The amplitude of the waves corresponds to the contrast between the fringes. The wavelength of the waves translates to the shape of each fringe. Both the spatial coherence and the contrast are a direct result of the laser beam's reflection off of the object.
Turning these fringes back into images requires light. The trouble is that all the tiny, overlapping interference fringes can make the hologram so dark that it absorbs most of the light, letting very little pass through for image reconstruction. For this reason, processing holographic emulsion often requires bleaching using a bleach bath. Another alternative is to use a light-sensitive substance other than silver halide, such as dichromated gelatin, to record the interference fringes.
Once a hologram is bleached, it is clear instead of dark. Its interference fringes still exist, but they have a different index of refraction rather than a darker color. The index of refraction is the difference between how fast light travels through a medium and how fast it travels through a vacuum. For example, the speed of a wave of light can change as it travels through air, water, glass, different gasses and different types of film. Sometimes, this produces visible distortions, like the apparent bending of a spoon placed in a half-full glass of water. Differences in the index of refraction also cause rainbows on soap bubbles and on oil stains in parking lots. In a bleached hologram, variations in the index of refraction change how the light waves travel through and reflect off of the interference fringes.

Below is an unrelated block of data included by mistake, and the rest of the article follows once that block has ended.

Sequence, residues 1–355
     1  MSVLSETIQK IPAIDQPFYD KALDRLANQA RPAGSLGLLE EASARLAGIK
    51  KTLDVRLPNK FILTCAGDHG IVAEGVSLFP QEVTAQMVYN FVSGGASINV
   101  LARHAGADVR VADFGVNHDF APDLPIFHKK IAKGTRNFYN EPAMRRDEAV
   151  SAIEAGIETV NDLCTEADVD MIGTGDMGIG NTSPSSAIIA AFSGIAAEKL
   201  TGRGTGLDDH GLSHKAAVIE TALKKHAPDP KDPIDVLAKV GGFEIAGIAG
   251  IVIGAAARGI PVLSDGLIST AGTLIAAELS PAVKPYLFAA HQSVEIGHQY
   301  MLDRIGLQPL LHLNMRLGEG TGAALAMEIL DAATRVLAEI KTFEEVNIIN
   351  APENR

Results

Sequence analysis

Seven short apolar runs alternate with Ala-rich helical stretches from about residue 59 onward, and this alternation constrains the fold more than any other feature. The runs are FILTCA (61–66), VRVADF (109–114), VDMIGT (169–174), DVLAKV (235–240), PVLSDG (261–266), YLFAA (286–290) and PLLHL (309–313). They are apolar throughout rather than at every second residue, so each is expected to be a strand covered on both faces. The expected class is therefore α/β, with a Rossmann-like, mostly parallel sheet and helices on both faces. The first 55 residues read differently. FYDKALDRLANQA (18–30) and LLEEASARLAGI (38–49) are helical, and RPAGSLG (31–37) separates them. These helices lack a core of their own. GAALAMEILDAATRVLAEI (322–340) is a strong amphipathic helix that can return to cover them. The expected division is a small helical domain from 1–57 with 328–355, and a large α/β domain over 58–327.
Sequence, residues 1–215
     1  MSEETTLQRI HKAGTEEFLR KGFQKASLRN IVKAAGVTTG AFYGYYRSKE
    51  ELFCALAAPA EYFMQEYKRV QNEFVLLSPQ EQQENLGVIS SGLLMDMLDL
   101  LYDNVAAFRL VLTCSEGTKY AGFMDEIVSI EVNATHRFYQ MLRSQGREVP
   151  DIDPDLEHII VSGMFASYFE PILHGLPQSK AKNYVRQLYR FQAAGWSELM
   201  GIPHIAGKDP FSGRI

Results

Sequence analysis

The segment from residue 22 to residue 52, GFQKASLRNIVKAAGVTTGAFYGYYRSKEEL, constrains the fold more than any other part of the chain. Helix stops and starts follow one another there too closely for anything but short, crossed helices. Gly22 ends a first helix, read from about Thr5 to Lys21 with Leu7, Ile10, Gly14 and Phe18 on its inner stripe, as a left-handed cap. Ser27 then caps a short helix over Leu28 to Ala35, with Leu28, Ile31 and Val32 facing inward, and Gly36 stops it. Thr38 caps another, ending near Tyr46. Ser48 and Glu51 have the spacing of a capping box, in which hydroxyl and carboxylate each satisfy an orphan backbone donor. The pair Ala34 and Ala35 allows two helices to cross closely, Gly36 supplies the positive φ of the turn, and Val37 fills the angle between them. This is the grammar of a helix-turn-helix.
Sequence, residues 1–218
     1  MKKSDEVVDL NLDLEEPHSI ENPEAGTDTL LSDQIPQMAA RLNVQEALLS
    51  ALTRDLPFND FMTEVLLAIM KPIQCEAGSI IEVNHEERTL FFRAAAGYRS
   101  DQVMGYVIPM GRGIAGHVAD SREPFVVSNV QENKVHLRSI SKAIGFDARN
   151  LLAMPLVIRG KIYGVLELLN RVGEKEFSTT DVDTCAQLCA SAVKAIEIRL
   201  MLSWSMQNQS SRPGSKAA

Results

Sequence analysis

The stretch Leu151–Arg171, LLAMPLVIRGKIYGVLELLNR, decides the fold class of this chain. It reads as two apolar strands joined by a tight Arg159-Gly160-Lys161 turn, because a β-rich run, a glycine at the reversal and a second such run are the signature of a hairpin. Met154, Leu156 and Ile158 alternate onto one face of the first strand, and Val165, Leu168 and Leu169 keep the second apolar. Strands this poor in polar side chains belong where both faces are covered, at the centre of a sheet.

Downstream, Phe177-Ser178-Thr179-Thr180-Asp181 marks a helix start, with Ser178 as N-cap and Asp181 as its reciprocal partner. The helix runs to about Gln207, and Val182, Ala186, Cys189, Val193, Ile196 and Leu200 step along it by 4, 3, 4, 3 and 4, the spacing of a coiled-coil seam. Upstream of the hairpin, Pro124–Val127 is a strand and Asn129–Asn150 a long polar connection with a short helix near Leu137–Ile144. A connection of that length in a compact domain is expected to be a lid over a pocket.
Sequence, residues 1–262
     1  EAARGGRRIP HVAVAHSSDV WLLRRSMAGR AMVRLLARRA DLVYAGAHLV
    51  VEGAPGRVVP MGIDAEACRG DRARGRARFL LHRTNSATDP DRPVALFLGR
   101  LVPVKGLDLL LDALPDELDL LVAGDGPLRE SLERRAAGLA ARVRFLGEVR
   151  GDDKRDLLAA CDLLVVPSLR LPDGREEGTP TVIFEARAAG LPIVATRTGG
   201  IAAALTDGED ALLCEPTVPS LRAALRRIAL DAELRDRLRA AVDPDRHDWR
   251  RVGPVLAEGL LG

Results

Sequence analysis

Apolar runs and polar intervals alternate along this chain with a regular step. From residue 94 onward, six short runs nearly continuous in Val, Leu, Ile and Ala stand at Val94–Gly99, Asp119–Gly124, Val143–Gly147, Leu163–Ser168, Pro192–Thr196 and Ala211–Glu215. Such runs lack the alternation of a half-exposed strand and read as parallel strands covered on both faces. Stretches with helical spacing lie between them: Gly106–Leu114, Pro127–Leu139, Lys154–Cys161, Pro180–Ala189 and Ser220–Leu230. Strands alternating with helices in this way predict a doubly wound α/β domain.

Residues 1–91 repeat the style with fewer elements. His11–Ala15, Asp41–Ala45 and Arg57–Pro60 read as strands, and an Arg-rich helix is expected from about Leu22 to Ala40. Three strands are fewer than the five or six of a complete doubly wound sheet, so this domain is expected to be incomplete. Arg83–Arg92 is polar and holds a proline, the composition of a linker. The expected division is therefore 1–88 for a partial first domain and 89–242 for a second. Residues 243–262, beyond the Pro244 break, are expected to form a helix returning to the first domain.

These fringes are like a code. It takes your eyes, your brain and the right kind of light to decode them into an image. We'll look at how this happens in the next section.